Deciding how long a reverb tail to use in your mixes encompasses a lot of variables. What is the tempo of the song? How busy are the parts? Are there a lot of open spaces between phrases, or are they densely packed together? Do you want to convey a sense of an intimate closer space, or a larger distant space? These are just some of the considerations that play an important role in communicating the intended emotion of the music.
Don’t feel pigeonholed into using the values that come up with each preset. They can and should be customized. Lately, I have found that I like the feel created by calculating the reverb tail decay time based on rhythmic subdivisions based on the tempo of the music.
Depending on the content, sometimes a half note works best, sometimes a quarter note, sometimes even a whole note. It also depends on whether or not I am using a room algorithm versus a hall or plate.
Density also plays an important role in the feel of the reverb. Density is how closely packed the reflections in reverb are. Decay is the time needed for the reflections to die away. Lower densities leave more space between the reverb’s first (early) reflections; and the subsequent reflections that die away during the decay phase. Higher densities keep the reflections closer together.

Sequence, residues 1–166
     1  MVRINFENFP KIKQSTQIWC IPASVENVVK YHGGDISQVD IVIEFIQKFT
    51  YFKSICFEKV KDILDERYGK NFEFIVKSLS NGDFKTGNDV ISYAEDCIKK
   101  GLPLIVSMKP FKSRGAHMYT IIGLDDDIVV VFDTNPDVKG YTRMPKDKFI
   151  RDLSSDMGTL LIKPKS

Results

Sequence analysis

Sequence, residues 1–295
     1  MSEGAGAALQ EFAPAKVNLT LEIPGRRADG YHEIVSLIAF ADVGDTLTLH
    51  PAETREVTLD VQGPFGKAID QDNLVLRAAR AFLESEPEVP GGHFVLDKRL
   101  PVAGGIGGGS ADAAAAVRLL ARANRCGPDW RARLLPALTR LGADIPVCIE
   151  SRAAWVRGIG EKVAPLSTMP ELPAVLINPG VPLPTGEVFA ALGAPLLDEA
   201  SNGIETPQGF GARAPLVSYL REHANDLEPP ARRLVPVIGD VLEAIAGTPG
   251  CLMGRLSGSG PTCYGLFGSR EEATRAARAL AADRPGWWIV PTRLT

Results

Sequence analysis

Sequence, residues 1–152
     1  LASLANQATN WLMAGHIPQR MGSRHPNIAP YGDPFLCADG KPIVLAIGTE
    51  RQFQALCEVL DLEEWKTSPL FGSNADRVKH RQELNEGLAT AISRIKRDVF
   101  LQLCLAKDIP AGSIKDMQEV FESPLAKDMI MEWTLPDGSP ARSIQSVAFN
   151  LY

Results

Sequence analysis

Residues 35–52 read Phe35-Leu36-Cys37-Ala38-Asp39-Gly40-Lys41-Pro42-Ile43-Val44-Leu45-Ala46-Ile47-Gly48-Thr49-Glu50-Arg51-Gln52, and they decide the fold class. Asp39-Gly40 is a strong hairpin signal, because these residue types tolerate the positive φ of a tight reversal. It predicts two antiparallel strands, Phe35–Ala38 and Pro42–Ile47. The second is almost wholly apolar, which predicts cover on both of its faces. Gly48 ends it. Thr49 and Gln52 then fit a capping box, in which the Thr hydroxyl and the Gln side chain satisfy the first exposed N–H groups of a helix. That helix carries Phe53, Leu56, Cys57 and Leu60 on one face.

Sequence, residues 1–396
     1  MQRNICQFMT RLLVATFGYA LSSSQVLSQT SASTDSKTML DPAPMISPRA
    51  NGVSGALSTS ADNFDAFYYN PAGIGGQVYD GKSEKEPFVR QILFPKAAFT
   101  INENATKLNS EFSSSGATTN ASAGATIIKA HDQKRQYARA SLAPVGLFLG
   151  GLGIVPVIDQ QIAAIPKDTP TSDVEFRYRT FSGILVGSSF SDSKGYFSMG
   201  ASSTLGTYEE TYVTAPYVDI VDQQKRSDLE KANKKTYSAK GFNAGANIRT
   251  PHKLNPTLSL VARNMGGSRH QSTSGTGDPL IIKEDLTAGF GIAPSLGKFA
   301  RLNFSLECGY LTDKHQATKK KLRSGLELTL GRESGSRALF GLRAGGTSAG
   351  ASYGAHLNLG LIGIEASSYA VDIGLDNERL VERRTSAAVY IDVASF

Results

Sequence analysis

Delay, or pre-delay specifically, is another important aspect of reverb. Pre-delay is the amount of time between the original dry signal and the onset of the first early reflections in the reverb. The higher the pre-delay value, the more we hear and experience the bloom of the reverb tail separately from the source.
Did you know that the Delay field in Logic’s Inspector is a great way to calculate tempo based decay times for your reverb settings? The flip menu shows the number of milliseconds corresponding to each musical subdivision related to the tempo of the project. When using Logic’s Chromaverb this isn’t necessary to carry out the calculation, as there is already tempo synced functionality built into the plug-in. But many third-party reverbs operate with absolute time values and don’t sync to the tempo of the song they are used in. So a quick trip to the Delay time menu will provide you with all the relevant numbers and values you need for inputting tempo based decay or pre-delay times.
Decide for yourself if this is a worthwhile approach. In this video I use Logic’s ChromaVerb with tempo synced decay and pre-delay values, to create a lush enveloping reverb on a lead vocal focused pop ballad